"What is jicama?" Does anyone have the answer? I always buy jicama at Trader Joe's and when I frequently pull those watery-tasting sticks out of the refrigerator I'm thankful I did. OK, but what exactly is jicama? Where does it come from? What's the best way to eat it? Is it good for you? Let's contemplate.

What is jicama?

Jicama is a root vegetable that resembles a very large potato or turnip. Of course, that's why I like jicama. How could you not like a pseudo-potato product?! 

It's shaped like a golden globe (hey, think of the awards) with white-colored flesh on the inside but beware, you should only eat the root (underground) portion of the vegetable. The rest of it (aka the flowers, vines, and leaves of the plant) could give you a toxic reaction. No, thank you.

Started from Mexico now we're here.

Also known as the yam bean root and a relative of the sweet potato, jicama is native to Mexico and South America. In the US, jicama is grown in Florida, Hawaii, and Puerto Rico, since it's more prone to thrive in warm, tropical areas. These south of the border veggies can grow to 6 pounds and grow underground. Keep in mind that they must be peeled before eating or cooking them; the skin of jicama is tough and toxic to prevent against underground critters reaching the juicy flesh inside.

Ya, but what does jicama taste like?

Jicama is a crisp and crunchy snack that tastes like you've bitten into a watery veggie not unlike eating a watermelon but with a milder taste. It doesn't really have much of a distinctive flavor, although it has been described to taste similar to a water chestnut. If you're curious to try it yourself (as you should be), jicama is available year-round, although peak season is in the fall.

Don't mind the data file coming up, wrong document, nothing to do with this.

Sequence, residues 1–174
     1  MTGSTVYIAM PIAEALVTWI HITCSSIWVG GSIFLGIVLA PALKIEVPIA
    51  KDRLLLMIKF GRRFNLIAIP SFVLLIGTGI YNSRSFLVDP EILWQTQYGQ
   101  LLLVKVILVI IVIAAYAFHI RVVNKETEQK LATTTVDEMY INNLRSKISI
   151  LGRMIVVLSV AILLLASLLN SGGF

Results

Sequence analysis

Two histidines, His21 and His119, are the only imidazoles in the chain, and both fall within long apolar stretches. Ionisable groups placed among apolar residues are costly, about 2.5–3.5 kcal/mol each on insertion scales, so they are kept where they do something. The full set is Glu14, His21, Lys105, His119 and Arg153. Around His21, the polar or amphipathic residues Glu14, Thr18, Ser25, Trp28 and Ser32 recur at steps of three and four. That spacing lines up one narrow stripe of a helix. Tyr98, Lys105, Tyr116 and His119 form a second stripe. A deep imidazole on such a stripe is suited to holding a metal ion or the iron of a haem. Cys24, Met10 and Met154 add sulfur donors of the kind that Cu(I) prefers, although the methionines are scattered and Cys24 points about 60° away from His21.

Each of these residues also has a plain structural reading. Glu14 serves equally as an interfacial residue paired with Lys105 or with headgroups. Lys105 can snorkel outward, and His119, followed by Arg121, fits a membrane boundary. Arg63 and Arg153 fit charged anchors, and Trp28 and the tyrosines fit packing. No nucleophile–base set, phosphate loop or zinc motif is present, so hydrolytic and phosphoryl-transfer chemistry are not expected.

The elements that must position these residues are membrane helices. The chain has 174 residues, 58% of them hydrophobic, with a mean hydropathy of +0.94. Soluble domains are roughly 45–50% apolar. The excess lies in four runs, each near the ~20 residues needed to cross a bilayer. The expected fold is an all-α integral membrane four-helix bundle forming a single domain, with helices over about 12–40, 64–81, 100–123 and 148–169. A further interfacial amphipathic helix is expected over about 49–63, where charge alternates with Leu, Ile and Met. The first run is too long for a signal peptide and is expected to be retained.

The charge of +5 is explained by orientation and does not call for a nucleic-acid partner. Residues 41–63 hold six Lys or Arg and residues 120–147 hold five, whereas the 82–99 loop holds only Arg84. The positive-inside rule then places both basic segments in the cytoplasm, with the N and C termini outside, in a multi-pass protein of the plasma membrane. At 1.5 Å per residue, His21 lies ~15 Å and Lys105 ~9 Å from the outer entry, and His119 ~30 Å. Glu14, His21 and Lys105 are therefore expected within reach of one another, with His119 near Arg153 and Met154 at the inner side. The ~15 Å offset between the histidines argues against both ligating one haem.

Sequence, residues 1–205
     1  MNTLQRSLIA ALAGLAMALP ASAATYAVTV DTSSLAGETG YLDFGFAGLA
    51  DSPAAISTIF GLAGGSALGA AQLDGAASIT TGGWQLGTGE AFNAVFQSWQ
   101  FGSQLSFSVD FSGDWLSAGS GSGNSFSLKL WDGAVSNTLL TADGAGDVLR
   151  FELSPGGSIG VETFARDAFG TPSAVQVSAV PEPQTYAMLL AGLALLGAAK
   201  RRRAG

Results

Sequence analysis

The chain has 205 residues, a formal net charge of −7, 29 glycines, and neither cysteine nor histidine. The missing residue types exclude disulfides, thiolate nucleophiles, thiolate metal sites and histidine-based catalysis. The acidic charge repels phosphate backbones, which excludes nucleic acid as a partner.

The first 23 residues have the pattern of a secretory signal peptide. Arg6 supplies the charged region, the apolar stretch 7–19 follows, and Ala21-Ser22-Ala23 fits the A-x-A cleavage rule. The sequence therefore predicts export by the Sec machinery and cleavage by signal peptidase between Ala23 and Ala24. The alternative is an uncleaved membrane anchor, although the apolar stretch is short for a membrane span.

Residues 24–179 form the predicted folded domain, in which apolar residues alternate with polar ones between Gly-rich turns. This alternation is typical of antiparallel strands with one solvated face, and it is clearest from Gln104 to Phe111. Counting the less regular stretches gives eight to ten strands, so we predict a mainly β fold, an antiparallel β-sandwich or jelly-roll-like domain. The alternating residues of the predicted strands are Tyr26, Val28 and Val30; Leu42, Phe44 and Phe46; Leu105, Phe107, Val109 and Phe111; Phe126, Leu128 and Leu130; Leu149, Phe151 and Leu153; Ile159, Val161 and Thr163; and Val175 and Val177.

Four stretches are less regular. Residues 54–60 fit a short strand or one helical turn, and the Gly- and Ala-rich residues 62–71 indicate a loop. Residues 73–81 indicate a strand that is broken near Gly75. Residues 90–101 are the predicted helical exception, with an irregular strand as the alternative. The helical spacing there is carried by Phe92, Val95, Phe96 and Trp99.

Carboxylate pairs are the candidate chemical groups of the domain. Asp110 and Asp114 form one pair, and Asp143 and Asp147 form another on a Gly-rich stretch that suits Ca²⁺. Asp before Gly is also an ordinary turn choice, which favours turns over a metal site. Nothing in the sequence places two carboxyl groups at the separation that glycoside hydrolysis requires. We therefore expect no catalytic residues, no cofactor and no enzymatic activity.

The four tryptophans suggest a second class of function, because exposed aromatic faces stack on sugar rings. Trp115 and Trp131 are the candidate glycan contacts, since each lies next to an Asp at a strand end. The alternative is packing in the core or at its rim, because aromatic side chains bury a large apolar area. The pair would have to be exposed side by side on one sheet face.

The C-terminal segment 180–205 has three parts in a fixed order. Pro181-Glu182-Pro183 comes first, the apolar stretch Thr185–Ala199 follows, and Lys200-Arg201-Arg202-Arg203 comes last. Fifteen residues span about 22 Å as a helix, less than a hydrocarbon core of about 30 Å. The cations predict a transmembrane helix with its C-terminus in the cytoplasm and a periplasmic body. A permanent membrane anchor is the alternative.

Any health benefits?

Most definitely. We're Spoon University here, people. We wouldn't steer you wrong. Eating these jicama tortillas will not only taste good, but they'll make you feel good, too. One cup of jicama has only 49 calories and basically zero fat. And on top of that, jicama provides 40 percent of your daily value of Vitamin C as well as being naturally high in fiber. One cup of jicama contains 16 percent of the recommended amount of fiber per day for men and 25 percent for women. And a half cup serving counts towards your suggested two to three cups of veggies per day.

Great! But how do we eat them?

If you want to eat like Queen Bey, include some jicama in your diet. And there are so many ways to eat the highly nutritious vegetable. For one, as seen above, you could make sweet, tangy straws out of jicama by mixing it with horchata. Or, you could eat your jicama raw like munching on celery or carrot sticks. Jicama is often sautéed, roasted, and stir-fried, too, since they still retain their juiciness as they soften. You can also bake jicama chips for a creative way to cook the crunchy veggie.

So, what is jicama? A nutritious, juicy, crispy, and crunchy root vegetable with origins in Mexico and South America. Next time you feel like setting out a vegetable platter for a cocktail party, don't forget to include jicama alongside your carrots and ranch.